“All I can say is thank goodness for the rise of the Asian consumer as they are now the consumer of last resort,” said Jonathan Pain early this week. He’s the chief investment strategist of hedge fund HFA. Mr. Pain sees what should now be quite clear to everyone with a brain: the subprime credit-crunch is leaking over into America’s economy via layoffs. People who lose jobs tend to spend less money.
America’s consumer economy and housing economy were linked in many ways, through home-equity lines of credit, through employment in real estate, mortgage lending, construction, and household furnishings. If it’s not already in recession, it won’t be long. The layoffs in the pipeline from the housing bust are going to put a serious dent in American consumption. And that dent won’t be restored by credit-card borrowing. Lenders are doubly wary.
Just how many jobs are we talking about? “Since the start of the year,” reports Forbes magazine, “more than 40,000 workers have lost their jobs at mortgage lending institutions, according to recent company layoff announcements and data complied by global outplacement firm Challenger, Gray & Christmas Inc. Meanwhile, construction companies have announced nearly 20,000 job cuts this year, while the National Association of Realtors expects membership rolls to decline this year for the first time in a decade.”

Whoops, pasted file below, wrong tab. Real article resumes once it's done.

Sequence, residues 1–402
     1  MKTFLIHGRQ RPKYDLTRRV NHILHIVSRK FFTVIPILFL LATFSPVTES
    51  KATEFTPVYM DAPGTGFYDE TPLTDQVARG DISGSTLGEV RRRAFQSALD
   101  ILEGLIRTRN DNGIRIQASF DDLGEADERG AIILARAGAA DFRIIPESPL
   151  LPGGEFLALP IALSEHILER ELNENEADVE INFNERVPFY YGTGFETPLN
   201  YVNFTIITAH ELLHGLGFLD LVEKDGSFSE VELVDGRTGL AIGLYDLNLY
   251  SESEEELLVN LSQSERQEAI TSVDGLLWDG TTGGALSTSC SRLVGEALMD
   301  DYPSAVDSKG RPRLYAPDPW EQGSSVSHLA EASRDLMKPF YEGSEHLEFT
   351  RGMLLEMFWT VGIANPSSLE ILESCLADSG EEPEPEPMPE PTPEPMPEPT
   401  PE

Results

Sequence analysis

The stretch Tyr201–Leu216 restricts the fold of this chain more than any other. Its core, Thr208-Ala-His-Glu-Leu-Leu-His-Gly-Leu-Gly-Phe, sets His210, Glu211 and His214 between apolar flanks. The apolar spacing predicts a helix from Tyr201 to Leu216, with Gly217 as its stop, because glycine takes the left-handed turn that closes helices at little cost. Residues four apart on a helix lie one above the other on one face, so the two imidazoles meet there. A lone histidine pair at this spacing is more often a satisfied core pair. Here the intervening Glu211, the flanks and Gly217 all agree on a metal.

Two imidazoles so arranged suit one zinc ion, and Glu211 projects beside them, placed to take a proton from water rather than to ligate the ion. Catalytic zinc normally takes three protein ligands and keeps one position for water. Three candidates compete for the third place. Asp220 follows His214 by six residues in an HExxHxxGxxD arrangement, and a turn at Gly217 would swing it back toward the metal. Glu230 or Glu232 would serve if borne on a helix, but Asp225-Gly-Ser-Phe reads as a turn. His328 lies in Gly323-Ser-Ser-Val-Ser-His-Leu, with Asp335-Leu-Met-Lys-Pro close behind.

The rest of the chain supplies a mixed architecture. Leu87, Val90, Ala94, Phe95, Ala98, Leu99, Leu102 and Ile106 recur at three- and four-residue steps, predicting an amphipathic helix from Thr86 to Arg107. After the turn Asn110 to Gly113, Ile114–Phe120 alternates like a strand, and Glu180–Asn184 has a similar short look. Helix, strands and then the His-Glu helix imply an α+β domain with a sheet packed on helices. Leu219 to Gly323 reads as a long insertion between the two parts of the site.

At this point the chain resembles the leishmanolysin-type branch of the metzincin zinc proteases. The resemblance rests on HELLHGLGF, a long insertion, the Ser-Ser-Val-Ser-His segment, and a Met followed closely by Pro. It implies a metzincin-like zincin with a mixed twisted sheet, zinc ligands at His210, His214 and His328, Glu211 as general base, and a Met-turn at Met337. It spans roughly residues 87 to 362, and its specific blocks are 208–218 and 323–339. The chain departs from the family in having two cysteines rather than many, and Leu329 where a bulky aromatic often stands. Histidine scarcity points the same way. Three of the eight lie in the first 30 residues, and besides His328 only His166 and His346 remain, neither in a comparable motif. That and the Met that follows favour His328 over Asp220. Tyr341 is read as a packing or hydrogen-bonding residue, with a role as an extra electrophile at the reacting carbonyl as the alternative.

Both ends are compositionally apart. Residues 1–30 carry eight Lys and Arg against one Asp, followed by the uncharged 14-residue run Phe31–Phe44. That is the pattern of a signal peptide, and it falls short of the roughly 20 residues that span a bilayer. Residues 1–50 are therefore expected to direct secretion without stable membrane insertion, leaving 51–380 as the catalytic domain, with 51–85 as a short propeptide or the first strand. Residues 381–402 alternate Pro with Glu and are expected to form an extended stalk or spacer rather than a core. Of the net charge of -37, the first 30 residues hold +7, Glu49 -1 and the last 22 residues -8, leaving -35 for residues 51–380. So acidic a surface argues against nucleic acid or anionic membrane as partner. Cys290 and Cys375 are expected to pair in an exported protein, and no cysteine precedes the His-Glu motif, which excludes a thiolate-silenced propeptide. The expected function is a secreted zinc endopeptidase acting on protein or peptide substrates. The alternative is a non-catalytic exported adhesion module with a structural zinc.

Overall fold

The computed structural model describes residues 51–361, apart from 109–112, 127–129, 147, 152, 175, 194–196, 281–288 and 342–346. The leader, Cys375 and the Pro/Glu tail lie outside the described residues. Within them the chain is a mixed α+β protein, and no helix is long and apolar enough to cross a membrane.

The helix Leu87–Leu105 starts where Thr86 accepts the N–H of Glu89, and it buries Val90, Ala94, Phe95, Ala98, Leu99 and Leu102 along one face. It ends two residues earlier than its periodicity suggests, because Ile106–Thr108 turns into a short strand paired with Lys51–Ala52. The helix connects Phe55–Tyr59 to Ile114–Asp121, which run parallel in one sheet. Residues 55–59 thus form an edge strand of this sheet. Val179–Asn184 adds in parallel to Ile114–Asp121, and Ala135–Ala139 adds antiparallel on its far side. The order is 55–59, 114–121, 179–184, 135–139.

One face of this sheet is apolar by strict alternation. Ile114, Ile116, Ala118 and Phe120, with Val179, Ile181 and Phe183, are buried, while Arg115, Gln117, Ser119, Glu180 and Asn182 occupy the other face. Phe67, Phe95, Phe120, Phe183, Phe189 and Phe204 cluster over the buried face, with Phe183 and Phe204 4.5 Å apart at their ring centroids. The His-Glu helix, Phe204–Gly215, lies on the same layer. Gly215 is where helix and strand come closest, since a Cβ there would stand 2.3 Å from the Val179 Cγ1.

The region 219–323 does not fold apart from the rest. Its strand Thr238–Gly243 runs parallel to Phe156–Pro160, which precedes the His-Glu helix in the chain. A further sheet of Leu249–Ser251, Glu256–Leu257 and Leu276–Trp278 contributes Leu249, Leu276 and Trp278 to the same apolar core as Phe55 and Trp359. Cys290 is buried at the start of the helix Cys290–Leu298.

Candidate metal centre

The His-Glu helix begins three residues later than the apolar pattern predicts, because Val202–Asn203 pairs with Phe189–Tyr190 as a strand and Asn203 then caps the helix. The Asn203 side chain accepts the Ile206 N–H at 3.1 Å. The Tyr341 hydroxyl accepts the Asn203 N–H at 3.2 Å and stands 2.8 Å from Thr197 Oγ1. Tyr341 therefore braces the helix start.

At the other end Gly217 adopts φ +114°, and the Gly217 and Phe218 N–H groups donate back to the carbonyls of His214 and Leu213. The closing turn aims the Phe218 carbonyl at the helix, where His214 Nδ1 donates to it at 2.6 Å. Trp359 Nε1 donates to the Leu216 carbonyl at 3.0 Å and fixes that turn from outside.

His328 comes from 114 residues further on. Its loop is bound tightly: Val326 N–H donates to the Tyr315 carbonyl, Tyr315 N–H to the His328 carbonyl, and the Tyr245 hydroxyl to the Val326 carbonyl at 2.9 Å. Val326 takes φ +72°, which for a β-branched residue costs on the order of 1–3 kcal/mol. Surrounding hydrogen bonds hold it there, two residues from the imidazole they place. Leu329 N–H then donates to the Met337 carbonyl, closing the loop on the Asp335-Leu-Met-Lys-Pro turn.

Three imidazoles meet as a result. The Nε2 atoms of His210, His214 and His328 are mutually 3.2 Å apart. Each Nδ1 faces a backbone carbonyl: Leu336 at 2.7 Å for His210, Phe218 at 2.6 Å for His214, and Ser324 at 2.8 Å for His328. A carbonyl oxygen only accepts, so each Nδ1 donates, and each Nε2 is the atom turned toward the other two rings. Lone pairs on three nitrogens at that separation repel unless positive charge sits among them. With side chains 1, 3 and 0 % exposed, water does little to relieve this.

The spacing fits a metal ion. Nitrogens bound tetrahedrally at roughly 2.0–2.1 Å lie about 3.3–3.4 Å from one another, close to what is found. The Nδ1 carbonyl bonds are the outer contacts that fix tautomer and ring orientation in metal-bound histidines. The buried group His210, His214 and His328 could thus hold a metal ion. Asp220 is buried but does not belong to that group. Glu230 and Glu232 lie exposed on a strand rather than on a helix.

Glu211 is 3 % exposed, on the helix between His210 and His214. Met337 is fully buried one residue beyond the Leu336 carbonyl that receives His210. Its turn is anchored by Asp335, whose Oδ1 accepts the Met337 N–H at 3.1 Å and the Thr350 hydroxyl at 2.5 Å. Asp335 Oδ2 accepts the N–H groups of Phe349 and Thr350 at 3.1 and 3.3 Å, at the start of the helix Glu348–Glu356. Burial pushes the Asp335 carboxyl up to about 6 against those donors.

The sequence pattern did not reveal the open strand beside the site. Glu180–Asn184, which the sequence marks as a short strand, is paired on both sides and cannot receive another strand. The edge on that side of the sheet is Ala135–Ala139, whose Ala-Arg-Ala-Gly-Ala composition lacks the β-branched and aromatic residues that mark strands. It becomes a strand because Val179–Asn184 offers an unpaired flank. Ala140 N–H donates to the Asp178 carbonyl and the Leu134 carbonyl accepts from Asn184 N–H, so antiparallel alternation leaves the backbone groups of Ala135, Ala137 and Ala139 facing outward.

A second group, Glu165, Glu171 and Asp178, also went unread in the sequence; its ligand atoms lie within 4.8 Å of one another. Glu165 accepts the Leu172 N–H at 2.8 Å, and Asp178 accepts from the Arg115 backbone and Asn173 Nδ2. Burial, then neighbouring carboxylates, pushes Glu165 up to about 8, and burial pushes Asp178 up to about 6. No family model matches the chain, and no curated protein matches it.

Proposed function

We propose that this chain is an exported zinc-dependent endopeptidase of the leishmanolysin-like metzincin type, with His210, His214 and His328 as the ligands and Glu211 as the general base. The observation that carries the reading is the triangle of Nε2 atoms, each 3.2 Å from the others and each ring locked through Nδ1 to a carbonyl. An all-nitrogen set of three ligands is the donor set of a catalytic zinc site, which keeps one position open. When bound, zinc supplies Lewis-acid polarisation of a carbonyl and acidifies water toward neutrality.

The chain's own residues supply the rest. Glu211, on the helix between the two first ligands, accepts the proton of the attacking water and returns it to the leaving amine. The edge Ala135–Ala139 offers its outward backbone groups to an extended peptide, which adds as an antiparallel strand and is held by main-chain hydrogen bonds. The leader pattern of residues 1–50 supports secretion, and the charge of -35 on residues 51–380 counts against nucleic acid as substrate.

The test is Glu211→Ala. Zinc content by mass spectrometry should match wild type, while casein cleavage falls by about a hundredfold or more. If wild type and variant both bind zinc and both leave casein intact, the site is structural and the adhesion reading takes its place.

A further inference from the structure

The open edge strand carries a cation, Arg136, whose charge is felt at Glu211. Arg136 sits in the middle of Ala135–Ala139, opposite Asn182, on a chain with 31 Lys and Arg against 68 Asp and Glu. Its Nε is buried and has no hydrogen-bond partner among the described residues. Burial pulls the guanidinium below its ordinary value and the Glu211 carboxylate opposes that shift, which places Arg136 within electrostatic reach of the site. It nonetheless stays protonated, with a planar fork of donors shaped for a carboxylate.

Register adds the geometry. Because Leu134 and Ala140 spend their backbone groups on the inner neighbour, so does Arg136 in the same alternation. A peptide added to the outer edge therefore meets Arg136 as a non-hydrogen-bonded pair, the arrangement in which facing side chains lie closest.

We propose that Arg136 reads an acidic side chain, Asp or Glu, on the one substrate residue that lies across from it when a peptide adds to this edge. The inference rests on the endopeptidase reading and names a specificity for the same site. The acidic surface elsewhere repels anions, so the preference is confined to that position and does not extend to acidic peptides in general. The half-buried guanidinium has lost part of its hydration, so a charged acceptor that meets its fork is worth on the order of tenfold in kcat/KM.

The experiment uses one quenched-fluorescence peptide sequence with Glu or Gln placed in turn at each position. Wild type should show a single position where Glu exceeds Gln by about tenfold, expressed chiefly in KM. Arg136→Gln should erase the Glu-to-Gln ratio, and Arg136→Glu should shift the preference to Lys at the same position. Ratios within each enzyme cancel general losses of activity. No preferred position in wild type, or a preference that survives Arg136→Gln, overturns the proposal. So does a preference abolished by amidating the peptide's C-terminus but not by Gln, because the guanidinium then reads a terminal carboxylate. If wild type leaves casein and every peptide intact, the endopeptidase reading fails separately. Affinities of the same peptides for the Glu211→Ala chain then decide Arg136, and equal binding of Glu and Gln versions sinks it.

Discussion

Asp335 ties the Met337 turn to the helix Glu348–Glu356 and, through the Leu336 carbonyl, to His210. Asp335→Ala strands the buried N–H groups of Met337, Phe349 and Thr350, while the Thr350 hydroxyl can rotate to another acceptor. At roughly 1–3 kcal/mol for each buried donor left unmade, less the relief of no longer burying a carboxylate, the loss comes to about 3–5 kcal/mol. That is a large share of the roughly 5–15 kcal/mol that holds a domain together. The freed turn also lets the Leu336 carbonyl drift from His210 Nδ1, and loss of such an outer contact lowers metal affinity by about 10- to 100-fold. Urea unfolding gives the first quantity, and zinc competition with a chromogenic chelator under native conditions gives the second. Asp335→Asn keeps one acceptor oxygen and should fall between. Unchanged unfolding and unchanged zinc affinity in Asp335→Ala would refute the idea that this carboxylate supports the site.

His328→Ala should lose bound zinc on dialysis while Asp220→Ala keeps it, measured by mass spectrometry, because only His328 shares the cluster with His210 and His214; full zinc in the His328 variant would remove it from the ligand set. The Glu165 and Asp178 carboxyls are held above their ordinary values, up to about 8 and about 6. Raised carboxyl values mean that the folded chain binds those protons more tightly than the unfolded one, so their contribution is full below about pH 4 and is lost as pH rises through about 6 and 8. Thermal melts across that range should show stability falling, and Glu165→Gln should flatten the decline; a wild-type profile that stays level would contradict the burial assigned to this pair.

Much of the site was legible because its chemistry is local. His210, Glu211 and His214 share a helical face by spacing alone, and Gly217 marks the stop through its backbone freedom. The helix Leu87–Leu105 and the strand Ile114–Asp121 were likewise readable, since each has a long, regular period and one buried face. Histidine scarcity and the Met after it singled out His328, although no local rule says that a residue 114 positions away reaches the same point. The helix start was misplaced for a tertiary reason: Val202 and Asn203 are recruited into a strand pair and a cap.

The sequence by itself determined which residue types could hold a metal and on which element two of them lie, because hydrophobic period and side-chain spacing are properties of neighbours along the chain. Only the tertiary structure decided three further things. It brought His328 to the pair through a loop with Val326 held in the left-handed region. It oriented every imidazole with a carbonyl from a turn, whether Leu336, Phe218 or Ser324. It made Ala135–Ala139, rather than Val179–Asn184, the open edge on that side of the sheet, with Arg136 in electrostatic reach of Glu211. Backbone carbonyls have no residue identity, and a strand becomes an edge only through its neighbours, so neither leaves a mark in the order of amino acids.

While it’s possible the whole world will go down with the American consumer, we’d expect to see a transition. Who has money? The savers of Asia. Those Asian savings grow in purchasing power as the value of the US dollar declines (as it surely will when the Fed bows to market pressure and cuts rates in the next three weeks). Australia’s resource industry is counting on the rise of the Asian consumer.
Markets and Money